You are here: Home » Blogs & features » Voices from the Ground » Children fall ill as hunger persists

Children fall ill as hunger persists

Two boys from Gwelekoro village return with sticks collected for firewood. Kaidia says children fall ill more often due to malnutrition - Andrew Esiebo | Panos London

Malnutrition affects children more than anyone else in the hungry season.

The children become skinnier, as we don’t have enough food. This is due to failed harvests. If there is lots of food, peoples’ bodies reflect that. Older people also suffer from malnutrition. We need to eat a lot in order to face tough work on the farms, as it is generally physical labour.

Children are the main labour force and sometimes they are unable to work because they are too weak. As they are malnourished they are also more vulnerable to malaria.

Malnutrition opens the door to many other diseases. My children and many others in the village are suffering from malnutrition and diseases they wouldn’t normally suffer from.

One of my granddaughters has been suffering especially during this year’s hungry season. She has had several malaria attacks, but now she is fine. I think she is more vulnerable than the others because she usually falls ill even in food abundance time. But food shortage complicates her situation. To be healthy she needs to eat sufficient food.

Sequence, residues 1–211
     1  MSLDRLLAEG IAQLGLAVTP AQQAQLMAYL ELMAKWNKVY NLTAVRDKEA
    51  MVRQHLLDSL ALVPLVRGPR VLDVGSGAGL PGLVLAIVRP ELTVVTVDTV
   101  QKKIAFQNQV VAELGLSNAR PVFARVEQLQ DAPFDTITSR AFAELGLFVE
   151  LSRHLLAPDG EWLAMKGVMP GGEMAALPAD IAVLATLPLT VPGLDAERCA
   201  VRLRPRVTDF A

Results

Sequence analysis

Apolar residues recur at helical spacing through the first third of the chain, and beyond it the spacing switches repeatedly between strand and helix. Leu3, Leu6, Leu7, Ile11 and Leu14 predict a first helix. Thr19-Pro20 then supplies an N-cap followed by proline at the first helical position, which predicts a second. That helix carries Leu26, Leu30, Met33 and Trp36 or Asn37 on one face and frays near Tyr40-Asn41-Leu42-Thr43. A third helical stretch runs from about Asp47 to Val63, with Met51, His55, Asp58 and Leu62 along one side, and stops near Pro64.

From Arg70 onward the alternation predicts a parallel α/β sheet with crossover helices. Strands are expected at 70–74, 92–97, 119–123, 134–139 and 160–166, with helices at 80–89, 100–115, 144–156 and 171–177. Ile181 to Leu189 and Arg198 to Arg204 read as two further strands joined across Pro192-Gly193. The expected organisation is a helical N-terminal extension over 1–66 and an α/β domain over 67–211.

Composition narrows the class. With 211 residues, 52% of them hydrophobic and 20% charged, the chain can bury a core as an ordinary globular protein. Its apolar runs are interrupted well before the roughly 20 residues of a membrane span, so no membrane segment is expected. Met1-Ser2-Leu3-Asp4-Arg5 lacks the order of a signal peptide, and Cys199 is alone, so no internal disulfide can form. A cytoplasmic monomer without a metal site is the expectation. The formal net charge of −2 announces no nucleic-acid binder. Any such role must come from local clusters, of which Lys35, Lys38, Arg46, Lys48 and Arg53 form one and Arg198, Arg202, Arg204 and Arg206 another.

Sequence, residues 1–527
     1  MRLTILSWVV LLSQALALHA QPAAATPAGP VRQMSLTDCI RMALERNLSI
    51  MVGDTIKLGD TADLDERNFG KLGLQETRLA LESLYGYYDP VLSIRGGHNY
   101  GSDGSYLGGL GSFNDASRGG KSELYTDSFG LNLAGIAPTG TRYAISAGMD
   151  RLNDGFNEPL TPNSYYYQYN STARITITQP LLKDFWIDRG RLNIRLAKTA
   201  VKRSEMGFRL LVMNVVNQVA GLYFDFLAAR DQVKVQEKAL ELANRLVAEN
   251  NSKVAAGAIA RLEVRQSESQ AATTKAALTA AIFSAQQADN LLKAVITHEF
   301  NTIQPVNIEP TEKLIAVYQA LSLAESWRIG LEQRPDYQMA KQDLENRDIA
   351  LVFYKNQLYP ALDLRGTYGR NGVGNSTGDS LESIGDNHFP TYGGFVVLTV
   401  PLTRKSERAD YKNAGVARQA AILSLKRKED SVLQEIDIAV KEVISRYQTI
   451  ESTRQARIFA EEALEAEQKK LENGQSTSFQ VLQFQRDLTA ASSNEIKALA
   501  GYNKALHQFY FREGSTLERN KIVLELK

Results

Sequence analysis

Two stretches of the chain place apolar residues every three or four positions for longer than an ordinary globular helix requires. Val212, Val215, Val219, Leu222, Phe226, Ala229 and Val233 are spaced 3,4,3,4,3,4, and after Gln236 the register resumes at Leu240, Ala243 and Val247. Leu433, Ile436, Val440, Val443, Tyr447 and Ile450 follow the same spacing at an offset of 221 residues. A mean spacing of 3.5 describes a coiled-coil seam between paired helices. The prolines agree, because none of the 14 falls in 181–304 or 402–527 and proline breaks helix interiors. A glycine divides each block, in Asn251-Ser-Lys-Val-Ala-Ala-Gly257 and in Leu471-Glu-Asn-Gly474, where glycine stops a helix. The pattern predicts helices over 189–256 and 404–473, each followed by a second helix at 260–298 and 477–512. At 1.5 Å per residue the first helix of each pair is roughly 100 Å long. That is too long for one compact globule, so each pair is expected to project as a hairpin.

Food shortage isn’t a good thing. It isn’t good at all. It affects even crops-growing activities. When farmers are hungry they can’t work in the farms as they would like to. And many inhabitants of this village are in need of food assistance. All the villagers have been were forced to start buying food a long time before the beginning of the rainy season.

In this condition it is difficult to escape food shortage, even in the years of sufficient rains.

If you don’t have enough money you can’t buy food and save money to buy fertilisers, good seeds and other things needed for agriculture. In the past one could grow food without using fertilisers, as the lands were naturally fertile. Nowadays this isn’t possible because it doesn’t rain enough as in the past and the soil has become poor.

We may continue to face malnutrition in the coming years. I don’t see how we will escape it because I don’t know any definite solutions. The problem is that we can no longer produce enough food to cover our food needs all the year round.

soumaila-diarra

As told to

Comments are closed.

Lilly Peel

By

Aug 20, 2012

Tags

Countries:

Regions:

Issues: , , , , ,

Related links

Mali villagers too hungry to fast for Ramadan

Mali: rains bring hope to villagers – for now

Mali: small steps to women’s economic empowerment